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Bandit Country author says IRA was ‘very clever’ using ‘machinery of the British state against the British state’

The book about South Armagh is being republished for the first time after 25 years with some minor additions

Twenty-five years ago Toby Harnden sat in a storeroom at the back of the Eason store in Newry signing copies of Bandit Country, the story of the IRA in south Armagh set against the backdrop of the area’s long and conflicted history.

Back then it was decided that it would “not be prudent” to have the chronicler of the local IRA, especially an Englishman to boot, at the front of the shop even though copies were selling briskly. Some were stolen by those who refused to give an Englishman coin.

Published with little furore, it became a quiet sensation, becoming a must-read for IRA volunteers, British soldiers journalists and more. The title still provokes resentment locally even though it was one created by Labour Northern Secretary Merlyn Rees 20 years before.

On Monday the book is being republished for the first time with a few minor additions. Nicknames used in 1999 because of the risk that Harnden might have been sued have been replaced by the real identities of people who have since died.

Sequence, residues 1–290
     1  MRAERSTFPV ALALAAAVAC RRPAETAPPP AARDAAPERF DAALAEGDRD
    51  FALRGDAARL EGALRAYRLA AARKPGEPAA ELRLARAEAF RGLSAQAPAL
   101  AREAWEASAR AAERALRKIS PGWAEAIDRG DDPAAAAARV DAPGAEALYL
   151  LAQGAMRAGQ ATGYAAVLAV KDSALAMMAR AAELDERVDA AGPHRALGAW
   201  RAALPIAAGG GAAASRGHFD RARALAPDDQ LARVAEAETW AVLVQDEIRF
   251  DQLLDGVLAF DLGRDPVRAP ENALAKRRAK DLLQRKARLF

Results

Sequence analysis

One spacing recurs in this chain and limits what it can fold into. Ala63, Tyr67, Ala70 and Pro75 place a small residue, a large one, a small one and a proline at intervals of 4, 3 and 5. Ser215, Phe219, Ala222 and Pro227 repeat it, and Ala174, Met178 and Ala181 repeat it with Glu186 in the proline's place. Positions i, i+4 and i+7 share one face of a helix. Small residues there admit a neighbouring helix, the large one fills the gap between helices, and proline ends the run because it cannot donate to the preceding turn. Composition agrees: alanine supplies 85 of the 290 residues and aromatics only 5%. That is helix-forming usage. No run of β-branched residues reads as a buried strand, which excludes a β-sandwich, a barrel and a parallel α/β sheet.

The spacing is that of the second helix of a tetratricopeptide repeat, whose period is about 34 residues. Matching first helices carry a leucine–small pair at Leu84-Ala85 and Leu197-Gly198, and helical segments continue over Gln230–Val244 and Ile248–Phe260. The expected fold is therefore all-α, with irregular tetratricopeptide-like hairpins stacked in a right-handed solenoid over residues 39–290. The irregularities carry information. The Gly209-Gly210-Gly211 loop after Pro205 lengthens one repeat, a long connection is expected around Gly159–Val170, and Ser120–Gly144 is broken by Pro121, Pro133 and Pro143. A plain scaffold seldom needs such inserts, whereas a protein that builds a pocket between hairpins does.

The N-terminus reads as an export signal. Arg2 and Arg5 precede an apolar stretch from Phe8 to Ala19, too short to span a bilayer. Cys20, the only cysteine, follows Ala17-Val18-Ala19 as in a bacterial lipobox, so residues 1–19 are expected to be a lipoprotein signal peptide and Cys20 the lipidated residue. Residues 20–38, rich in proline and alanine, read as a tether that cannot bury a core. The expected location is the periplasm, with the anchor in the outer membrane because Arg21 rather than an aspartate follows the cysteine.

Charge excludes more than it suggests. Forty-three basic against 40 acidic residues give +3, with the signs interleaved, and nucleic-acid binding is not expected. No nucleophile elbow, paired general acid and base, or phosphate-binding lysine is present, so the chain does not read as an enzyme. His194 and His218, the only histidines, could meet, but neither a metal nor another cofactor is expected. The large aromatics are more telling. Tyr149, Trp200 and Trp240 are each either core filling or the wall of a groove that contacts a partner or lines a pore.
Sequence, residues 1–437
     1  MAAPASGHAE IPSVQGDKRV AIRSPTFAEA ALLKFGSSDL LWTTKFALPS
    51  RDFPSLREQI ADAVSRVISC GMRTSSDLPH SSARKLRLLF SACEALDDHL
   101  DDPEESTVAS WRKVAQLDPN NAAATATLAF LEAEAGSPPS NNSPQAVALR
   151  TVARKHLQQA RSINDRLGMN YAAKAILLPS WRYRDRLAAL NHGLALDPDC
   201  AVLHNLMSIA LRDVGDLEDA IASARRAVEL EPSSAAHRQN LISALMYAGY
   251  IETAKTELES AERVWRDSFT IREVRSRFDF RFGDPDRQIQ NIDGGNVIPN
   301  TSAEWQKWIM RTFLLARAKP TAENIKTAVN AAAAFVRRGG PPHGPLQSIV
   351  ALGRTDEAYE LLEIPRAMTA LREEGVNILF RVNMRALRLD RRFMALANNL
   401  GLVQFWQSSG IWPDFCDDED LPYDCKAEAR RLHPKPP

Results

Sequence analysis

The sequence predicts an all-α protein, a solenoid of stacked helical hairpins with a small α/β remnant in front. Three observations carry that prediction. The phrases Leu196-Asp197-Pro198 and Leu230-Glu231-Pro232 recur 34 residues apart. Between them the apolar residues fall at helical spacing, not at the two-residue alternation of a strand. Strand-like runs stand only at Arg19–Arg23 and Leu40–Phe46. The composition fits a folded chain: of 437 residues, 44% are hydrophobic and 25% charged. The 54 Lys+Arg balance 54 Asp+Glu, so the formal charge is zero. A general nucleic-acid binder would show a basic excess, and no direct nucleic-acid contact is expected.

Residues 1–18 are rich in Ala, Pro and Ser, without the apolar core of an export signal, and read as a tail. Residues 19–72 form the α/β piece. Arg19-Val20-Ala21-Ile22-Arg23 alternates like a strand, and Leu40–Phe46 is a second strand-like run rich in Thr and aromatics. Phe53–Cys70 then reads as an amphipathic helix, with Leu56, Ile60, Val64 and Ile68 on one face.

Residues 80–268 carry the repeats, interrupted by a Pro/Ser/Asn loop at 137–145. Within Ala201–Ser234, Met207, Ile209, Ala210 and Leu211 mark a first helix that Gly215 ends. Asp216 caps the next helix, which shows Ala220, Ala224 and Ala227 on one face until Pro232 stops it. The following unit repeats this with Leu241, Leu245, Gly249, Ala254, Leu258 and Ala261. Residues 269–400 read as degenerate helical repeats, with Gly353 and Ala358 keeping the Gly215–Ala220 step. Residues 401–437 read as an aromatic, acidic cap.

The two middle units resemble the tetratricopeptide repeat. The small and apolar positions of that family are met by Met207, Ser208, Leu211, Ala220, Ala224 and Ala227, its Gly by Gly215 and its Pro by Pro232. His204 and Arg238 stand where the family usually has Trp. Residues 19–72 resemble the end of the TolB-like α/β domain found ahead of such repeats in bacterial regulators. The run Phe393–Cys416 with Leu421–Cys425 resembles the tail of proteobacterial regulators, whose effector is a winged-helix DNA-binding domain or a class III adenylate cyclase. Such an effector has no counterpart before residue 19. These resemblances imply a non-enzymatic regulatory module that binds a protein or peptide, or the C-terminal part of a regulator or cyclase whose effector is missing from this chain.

Researching the book, Harnden became, for locals in a place where people keep their silence, “that strange Brit journalist” who always turned up at historical commemorations, some of them marking Old IRA actions, some dating far back in history.

Once there Harnden often made a point of speaking with the late Sinn Féin councillor Jim McAllister, an action which quickly prompted senior local IRA figures who were present to find out from McAllister who he was.

Being properly identified mattered in South Armagh, even in the late 1990s. If the IRA locally regarded him as odd they did not regard him as a threat. “They’d be like, ‘okay, okay, at least I was obviously not the worst thing’,” said Harnden.

“From their own point of view they’re justifiably proud of what they’ve done and who they were,” Harnden, who insists the book then and now records history rather than making moral judgments upon actions, tells The Irish Times.

“I don’t think anybody sat around saying, ‘oh, we need our story to be told’, but I think that on some psychological level they felt that they had not been given their due. And that they were a big part of the story. In a million years they would never have chosen me, obviously. But I was the person that was there, and no one else was doing it. It’s surprising to me, but I was the first person who saw South Armagh as a place.”

Time has eased the libel threats that existed. One of the most senior local IRA men was dubbed ‘The Undertaker’ in the first edition, but is named now as Patsy O’Callaghan, who died of natural causes in a Drogheda hospital in 2021.

“He was Slab Murphy’s number two,” says Harnden, who finished his time as the Daily Telegraph’s correspondent in Northern Ireland in 1999 to head to Washington, from where he has since covered conflicts in Iraq and Afghanistan.

O’Callaghan, who was unhappy about the IRA’s ceasefire, the Good Friday Agreement and all that came after, becoming aligned with republican dissidents, “which was significant given how senior he was”.